2018–2019

Say No to Marxism rally

In August 2018, the Northern California Regional Intelligence Center (NCRIC) summarized a report about right-wing groups gathering weapons before a rally. The basis for the warning is a July call from a man to the Berkeley police department, expressing concern about someone he knew who allegedly was a member of the Proud Boys that was "gathering masks, helmets, and guns and would have absolute war with the liberals at an event scheduled to take place in Berkeley on August 5, 2018".[40] On August 5, 2018, a Say No to Marxism rally in San Francisco organized by the Proud Boys and their allies resulted in their outnumbering by counter-protests.[40]

Metropolitan Republican Club

In October 2018, McInnes gave a talk at the Metropolitan Republican Club on the Upper East Side of Manhattan.[41][42] He stepped out of his car wearing glasses with Asian eyes drawn on the front and pulled a samurai sword out of its sheath. Police forced him inside. Later, inside the event, McInnes and an Asian member of the Proud Boys re-enacted the 1960 murder of Inejiro Asanuma, the leader of the Japanese Socialist Party; a captioned photograph of the actual murder had become a meme in alt-right social media.[43] The audience for the event was described by The New York Times as "a cross-section of New York’s far-right subculture: libertarians, conspiracy theorists and nationalists who have coalesced around their opposition to Islam, feminism and liberal politics."[44]

Anti-fascist activists had started protesting outside the club before the event and had reportedly engaged in vandalism. Following cross-provocations between the opposing sides, the Proud Boys charged towards the protesters, who threw a bottle in response, resulting in a fight.[44][45] NYC police present at the protest reportedly did not respond.[43][46]

On November 21, 2018, McInnes said that his lawyers had advised him that quitting might help the nine members being prosecuted for the incidents in October and he said "this is 100% a legal gesture, and it is 100% about alleviating sentencing", and said it was a "stepping down gesture, in quotation marks".[47][48]

The fallout from the incident left the group in internal disarray.[44] After McInnes nominally left the group, the "Elder Chapter" of the group reportedly assumed control. Jason Lee Van Dyke, the group's lawyer, was appointed as the chapter's chairman.[49][50] Van Dyke was previously known for suing news media and anti-fascist activists for reporting on the group, and for making violent online threats with racist language.[51][52] The group then publicly released its new bylaw online, with the names of its "Elder Chapter" members listed and redacted. The redaction was later discovered to be botched, as the list of names can be accessed by selecting over the black bar of the released document.[49] A day later, the chapter announced that Van Dyke was no longer leader of the group, and Enrique Tarrio is the group's new chairman.[53]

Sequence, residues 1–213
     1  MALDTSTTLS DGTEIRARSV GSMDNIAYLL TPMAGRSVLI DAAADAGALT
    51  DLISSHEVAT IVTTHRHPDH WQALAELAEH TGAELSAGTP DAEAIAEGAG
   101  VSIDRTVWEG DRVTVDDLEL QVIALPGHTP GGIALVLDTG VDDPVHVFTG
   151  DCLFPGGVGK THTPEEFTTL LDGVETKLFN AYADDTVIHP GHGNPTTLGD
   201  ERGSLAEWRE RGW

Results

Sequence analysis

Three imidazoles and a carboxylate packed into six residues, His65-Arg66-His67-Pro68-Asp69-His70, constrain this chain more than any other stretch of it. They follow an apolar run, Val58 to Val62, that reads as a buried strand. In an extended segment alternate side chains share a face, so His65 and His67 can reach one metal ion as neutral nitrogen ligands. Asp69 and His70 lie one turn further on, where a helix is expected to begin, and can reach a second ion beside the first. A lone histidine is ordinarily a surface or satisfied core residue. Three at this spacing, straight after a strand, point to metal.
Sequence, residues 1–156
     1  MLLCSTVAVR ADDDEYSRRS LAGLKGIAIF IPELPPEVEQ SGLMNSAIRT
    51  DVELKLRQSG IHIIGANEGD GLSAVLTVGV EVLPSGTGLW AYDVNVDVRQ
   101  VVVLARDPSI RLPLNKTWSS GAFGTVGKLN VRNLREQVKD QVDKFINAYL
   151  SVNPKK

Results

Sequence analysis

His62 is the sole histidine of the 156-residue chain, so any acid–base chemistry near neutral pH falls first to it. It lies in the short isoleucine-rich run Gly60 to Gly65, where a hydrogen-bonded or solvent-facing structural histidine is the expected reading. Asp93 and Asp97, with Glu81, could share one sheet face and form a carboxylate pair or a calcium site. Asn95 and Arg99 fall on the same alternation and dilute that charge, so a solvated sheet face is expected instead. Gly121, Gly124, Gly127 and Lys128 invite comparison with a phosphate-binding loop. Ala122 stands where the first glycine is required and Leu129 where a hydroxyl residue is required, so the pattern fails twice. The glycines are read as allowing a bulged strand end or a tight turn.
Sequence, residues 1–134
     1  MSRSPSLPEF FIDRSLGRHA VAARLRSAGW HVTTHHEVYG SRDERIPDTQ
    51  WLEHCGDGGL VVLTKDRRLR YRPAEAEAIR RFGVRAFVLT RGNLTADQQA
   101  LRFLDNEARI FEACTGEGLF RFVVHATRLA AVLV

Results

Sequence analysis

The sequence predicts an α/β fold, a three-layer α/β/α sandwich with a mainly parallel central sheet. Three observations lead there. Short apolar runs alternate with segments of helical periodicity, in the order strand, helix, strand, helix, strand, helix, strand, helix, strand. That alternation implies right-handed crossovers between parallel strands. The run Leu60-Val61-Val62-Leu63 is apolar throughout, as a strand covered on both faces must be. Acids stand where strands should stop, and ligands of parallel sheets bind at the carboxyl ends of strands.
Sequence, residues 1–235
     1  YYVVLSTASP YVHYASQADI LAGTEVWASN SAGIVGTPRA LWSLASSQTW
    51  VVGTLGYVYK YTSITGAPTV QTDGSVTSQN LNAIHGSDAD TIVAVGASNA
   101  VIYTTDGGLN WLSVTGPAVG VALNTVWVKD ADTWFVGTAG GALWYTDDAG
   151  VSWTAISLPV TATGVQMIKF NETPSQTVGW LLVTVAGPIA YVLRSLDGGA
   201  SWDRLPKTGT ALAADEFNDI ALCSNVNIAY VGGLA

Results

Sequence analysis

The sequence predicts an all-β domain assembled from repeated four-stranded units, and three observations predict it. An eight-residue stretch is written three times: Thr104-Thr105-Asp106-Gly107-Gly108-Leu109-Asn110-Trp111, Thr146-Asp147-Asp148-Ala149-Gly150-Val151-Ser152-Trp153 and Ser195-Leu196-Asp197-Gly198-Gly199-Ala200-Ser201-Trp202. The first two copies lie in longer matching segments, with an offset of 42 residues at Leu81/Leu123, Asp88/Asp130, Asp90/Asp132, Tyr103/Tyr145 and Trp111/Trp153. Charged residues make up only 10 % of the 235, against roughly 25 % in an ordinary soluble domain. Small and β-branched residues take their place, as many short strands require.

Video evidence from three separate videos showed conclusively that the Proud Boys had instigated the fight after the Metropolitan Republican Club event.[54][55] John Miller, New York City's deputy police commissioner for intelligence and counterterrorism, said that "incidents like [the post-MRC fight] make it more likely" that the Proud Boys would be "higher on the radar" of authorities.[44]

Ten men connected to the Proud Boys were arrested in connection with the October 2018 incident.[56] Seven Proud Boys pleaded guilty to various charges including riot, disorderly conduct and attempted assault.[56][57] Two of the men who accepted plea deals were sentenced to five days of community service and did not receive jail time.[58] In August 2019, two of the Proud Boys, Maxwell Hare and John Kinsman, were convicted following a jury trial of attempted gang assault, attempted assault and riot; the jury deliberated a day and a half of deliberations before rejecting their claims of self-defense.[56] Hare and Kinsman were each sentenced to four years in prison.[59] The final defendant is awaiting trial.[56][57]

The four anti-fascist victims of the beating are not cooperating with prosecutors, even to the extent of revealing their identities, and are known only as "Shaved Head", "Ponytail", "Khaki" and "Spiky Belt". Because of their non-cooperation, the Proud Boys could not be charged with assault—which requires evidence of injury—and were instead charged with riot and attempted assault, which merely require an attempt to cause injury. Without the victims to testify, the bulk of the evidence in the trial came from videos of the incident, including footage shot by a video documentarian, and video from security cameras.[56][57]

Connection with Roger Stone

In early 2018, ahead of an appearance at the annual Republican Dorchester Conference in Salem, Oregon, Roger Stone sought out the Proud Boys to act as his "security" for the event; photos posted online showed Stone drinking with several Proud Boys.[60][61][62]